Land development

With the demise of the iron industry, the now-renamed Oregon Iron & Steel Company turned to development of its approximately 23,000 acres (93 km2) of land surrounding the lake. The company built a power plant in 1909, just before the incorporation of the City of Oswego in 1910. Headed by Oregon Iron & Steel president William M. Ladd (son of former Portland mayor William S. Ladd, who was one of the original investors in the Oregon Iron Company), the Ladd Estate Company converted the iron town into a prestigious lakeside retreat.

In 1924, Paul Murphy developed the Oswego Lake Country Club to promote Oswego as a place to "live where you play."  The Paul Murphy Company replaced Ladd's company as developer of Oregon Iron and Steel's property in 1940, and the following year, Oregon Iron and Steel created the Lake Oswego Corporation, which still owns the lake as a private corporation of lakefront property owners.   In 1960, shortly before ending its existence, Oregon Iron & Steel was disbanding deeded the powerhouse and dams to the corporation.

Modern history

The Lake Grove Swim Park on the north shore of Oswego Lake, one of several swim parks for lake shareholders

Today, the lake is still owned by the shareholders of the Lake Oswego Corporation, who typically become shareholders upon purchasing property along the lakefront. There are 690 lakefront property owners, and another 515 families who belong to one of 20 waterfront easement associations.  The Corporation manages property easements, lake access, boat and operator licensing, water safety and water quality, and lakefront building permits.   There is no public access to the lake, although residents of Lake Oswego who are not shareholders have access to one public swim park, and families in the Lake Oswego School District have access to another.   Periodically, the Corporation lowers the water level in the lake by opening the dam to allowing water to enable lakefront property owners to conduct repairs on docks and boathouses.  In 2010, the lake was lowered approximately 24 feet (7.3 m) to allow for construction of a new sewer line, the lowest lake level since 1962 when the original sewer line was installed.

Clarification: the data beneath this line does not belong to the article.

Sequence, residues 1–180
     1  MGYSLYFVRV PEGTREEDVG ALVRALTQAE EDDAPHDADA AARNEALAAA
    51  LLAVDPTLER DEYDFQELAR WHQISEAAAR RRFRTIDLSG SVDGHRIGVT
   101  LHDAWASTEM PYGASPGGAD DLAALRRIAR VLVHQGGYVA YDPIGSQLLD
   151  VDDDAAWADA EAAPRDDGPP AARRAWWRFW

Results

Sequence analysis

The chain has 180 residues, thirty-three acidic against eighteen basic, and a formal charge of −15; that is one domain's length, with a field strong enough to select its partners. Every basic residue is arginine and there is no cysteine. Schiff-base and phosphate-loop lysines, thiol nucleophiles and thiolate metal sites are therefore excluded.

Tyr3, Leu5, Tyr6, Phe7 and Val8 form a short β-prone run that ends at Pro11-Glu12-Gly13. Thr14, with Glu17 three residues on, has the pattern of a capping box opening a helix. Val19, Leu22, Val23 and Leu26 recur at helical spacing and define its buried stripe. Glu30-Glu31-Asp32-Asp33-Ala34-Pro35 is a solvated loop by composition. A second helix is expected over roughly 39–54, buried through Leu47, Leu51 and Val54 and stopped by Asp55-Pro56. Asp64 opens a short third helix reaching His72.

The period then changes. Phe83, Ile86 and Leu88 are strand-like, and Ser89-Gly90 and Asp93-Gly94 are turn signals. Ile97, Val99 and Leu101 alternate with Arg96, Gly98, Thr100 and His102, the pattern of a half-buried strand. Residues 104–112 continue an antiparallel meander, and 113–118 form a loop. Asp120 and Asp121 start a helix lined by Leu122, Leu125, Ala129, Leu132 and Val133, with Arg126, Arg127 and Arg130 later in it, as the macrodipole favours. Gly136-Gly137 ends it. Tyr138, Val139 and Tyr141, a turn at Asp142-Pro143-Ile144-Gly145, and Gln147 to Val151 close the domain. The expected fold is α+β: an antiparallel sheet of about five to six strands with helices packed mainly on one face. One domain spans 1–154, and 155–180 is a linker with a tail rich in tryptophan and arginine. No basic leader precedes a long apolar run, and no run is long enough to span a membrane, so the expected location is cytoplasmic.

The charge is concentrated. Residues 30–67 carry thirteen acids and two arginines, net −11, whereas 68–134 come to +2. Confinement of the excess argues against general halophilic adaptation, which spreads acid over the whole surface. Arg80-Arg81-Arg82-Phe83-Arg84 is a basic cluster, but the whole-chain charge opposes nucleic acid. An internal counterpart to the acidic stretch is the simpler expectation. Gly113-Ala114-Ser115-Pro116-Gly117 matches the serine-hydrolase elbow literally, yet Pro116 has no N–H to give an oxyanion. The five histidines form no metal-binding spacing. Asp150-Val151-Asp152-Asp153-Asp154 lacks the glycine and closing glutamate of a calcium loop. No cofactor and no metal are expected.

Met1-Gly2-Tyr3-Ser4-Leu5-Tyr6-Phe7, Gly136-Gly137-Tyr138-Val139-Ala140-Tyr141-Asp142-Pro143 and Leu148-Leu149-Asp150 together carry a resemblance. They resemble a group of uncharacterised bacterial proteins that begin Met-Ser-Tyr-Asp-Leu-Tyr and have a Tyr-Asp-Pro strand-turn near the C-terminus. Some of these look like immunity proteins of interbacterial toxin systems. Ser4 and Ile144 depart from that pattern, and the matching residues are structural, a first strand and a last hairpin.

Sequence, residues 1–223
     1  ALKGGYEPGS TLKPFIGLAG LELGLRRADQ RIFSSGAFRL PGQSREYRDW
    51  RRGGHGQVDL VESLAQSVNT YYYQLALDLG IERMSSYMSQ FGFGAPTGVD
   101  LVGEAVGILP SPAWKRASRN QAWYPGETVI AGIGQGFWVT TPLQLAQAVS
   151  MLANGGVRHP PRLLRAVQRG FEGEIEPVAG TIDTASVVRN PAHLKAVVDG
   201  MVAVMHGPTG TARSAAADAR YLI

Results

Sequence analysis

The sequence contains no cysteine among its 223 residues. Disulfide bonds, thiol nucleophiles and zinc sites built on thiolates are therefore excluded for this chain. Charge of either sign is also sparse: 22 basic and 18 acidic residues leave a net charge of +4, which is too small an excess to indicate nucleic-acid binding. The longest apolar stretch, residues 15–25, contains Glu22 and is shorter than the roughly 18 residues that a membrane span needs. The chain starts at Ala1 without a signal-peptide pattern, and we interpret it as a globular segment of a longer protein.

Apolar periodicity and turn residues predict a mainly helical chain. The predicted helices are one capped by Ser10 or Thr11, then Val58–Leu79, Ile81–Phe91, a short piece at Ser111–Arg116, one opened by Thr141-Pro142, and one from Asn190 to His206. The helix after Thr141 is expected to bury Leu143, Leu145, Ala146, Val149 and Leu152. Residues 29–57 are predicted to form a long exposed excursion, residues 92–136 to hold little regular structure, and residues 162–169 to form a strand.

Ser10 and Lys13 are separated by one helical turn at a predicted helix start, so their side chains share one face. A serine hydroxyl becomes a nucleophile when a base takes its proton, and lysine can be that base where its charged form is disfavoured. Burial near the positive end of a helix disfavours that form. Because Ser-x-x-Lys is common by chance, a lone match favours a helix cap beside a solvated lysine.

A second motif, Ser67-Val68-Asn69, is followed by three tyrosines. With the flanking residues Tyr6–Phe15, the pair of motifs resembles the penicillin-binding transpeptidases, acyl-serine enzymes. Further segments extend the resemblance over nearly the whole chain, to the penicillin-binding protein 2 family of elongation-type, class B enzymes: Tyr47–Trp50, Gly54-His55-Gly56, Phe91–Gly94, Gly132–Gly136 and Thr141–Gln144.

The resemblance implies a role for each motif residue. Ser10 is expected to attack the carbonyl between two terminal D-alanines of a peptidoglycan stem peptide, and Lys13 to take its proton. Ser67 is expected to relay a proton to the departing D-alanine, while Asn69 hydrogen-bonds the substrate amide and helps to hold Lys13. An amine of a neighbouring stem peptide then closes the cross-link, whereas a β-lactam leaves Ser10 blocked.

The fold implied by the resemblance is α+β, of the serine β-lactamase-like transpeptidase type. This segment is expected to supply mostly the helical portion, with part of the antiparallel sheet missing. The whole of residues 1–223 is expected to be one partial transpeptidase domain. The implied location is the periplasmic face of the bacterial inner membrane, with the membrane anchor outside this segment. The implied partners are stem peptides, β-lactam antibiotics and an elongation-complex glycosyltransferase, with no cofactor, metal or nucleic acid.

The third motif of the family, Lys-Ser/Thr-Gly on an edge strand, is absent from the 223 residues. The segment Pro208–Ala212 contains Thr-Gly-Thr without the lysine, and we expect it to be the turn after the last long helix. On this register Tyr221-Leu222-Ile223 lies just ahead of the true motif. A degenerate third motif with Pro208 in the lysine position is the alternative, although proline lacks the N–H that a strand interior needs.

With the relative scarcity of building easements, lakefront property is considered prestigious, and a number of architecturally significant homes have been built along its shores, including the Carl C. Jantzen Estate, a Tudor-style estate on the National Register of Historic Places, built on an island on the lake's north shore by the founder of the Jantzen swimwear company in 1930. In addition, the lakeshore features homes by noted Portland architects such as Richard Sundeleaf and Van Evera Bailey.

Lake health

Lakewood Bay during 2010—2011 drawdown.

In recent years, the lake has experienced explosive algae growth in the lake, due in part to runoff from lawn fertilizer, which is rich in phosphorus. The Lake Oswego Corporation has been criticized for its slow response in addressing the problem.In September 2010, the lake was drawn down to allow replacement of an aging sewer pipe that traverses the lake. The lake was expected to be refilled to its usual level by the summer of 2011.